Approval of Red Light Flashlight Crucial Before Use to Improve Vision

Researchers recently published findings from a study they carried out showing that red light therapy may offer an inexpensive means of improving vision. As exciting as that might sound for people who are having vision problems, it is not yet time to start using this treatment on your own.

Vision problems are among the signs people experience as they grow older. Millions of people age 40 years or older in the United States suffer from reduced vision.

A major reason for decreases in the quality of eyesight is the aging of the mitochondria, according to scientists. This organelle sees to energy (ATP) production in cells. A drop in its function can bring about the decline of the eyes’ retinal cells.

Read Also: UC Berkeley Researchers Restore Vision in Mice Through Gene Insertion

In the new study, a research team at the University College London (UCL) Institute of Ophthalmology used red light to improve the performance of mitochondria, leading to improved vision in older subjects.

What is Red Light?

Red light is a type of light that is near-infrared in classification. The main difference between red light and infrared light is that you can see only the former with your eyes. While you can’t see infrared, your body feels it as heat.

There are several colors in the visible light spectrum – similar to those of the rainbow. Experts say that the energy wavelengths of these colors determine our ability to see them with our eyes.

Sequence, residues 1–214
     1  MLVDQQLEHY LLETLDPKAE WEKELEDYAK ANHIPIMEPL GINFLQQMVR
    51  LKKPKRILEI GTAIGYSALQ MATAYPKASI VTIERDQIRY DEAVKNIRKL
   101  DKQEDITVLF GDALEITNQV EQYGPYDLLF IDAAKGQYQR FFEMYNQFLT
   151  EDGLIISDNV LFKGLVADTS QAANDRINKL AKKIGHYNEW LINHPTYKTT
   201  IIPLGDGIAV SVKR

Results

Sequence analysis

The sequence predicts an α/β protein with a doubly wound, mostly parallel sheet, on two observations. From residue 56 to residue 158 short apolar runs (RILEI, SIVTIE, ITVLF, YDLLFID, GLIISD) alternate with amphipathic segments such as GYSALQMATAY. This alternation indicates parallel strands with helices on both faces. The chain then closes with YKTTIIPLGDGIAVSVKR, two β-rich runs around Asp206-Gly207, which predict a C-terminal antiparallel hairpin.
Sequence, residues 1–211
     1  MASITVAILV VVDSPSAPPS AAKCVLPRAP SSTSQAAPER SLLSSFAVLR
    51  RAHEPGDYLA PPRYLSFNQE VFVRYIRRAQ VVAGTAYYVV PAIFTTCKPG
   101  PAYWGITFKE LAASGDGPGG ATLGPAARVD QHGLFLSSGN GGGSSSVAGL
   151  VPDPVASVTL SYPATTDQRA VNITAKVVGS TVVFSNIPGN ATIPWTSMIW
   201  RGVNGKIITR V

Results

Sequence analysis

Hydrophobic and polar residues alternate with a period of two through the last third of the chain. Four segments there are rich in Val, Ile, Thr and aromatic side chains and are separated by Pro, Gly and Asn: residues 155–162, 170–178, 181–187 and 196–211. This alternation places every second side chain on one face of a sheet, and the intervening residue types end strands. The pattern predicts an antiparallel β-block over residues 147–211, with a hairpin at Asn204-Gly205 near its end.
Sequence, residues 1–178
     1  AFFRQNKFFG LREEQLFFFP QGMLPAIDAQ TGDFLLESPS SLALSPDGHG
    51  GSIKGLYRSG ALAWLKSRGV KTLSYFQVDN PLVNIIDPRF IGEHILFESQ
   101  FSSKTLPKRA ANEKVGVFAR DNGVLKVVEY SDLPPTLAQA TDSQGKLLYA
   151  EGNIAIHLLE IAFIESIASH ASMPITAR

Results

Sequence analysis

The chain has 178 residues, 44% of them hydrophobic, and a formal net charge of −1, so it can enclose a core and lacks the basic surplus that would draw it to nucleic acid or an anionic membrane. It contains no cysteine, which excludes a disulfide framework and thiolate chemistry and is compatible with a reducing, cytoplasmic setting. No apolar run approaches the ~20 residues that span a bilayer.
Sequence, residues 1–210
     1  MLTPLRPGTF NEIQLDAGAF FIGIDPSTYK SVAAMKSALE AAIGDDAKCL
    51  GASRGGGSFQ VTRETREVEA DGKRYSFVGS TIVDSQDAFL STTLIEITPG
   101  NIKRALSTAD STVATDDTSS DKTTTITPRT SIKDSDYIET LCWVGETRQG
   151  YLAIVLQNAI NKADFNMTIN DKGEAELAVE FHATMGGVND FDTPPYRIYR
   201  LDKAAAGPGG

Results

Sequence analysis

In the visible light spectrum, red possesses the longest wavelength while ultraviolet light exhibits the shortest wavelength. The shorter the wavelength, the more energy a light carries. Ultraviolet light, such as that from the sun, carries a lot of energy.

Read Also: An Artificial Retina to Restore Sight Could Soon Become a Reality

The Red Light Study

In the UK study, researchers were interested in finding an easier way of correcting vision impairment. They had noticed improvements in lab animals from using “short, long-wave light flashes.” This led them to try similar light in humans.

The team recruited 24 individuals having no eye defects and aged 28 to 72 years. After testing the sensitivity of the cones and rods in the eyes of these subjects, researchers gave each one a small flashlight emitting 670-nanometer deep red LED light. The participants were asked to stare at the light for three minutes a day.

After two weeks of red light therapy, significant improvements were noticed in the eyesight of individuals older than 40 years. The changes were especially notable in the blue region of the color spectrum that is most affected by aging.

Read Also: Age-related Close-up Vision Loss- How do I rid myself of reading glasses?

Don’t Use It Yet

The findings from this research are quite exciting. They promise a more convenient and affordable way of treating decreased vision at home.

However, it is important to state that it is not yet time to try using your own red light to improve your vision. You must note that this was only a pilot study. All technical details are not yet covered.

LED lights are used in many devices these days. They are thought to be more environmentally friendly, cheaper, and longer-lasting. Many people also think of them as being “cool.”

But many experts have also warned about the dangers of LED lights. These caveats mostly apply to blue light that is popularly used in screen-devices and bulbs. Long-term exposure to this light has been shown in research to damage cells in the retina, with fear of it possibly resulting in blindness.

It appears there’s less concern of eye damage with red light, but this treatment is yet to be approved. You will do well to wait until it has approval before using it.

Read Also: Bionic Humanoids: A Truly Bionic Eye to Restore Sight Within Reach


Optically improved mitochondrial function redeems aged human visual decline

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  1. Pat DePauw
  2. Charles Parselle
  3. Iona Sacks
  4. Charles Parselle
  5. Iona Sacks


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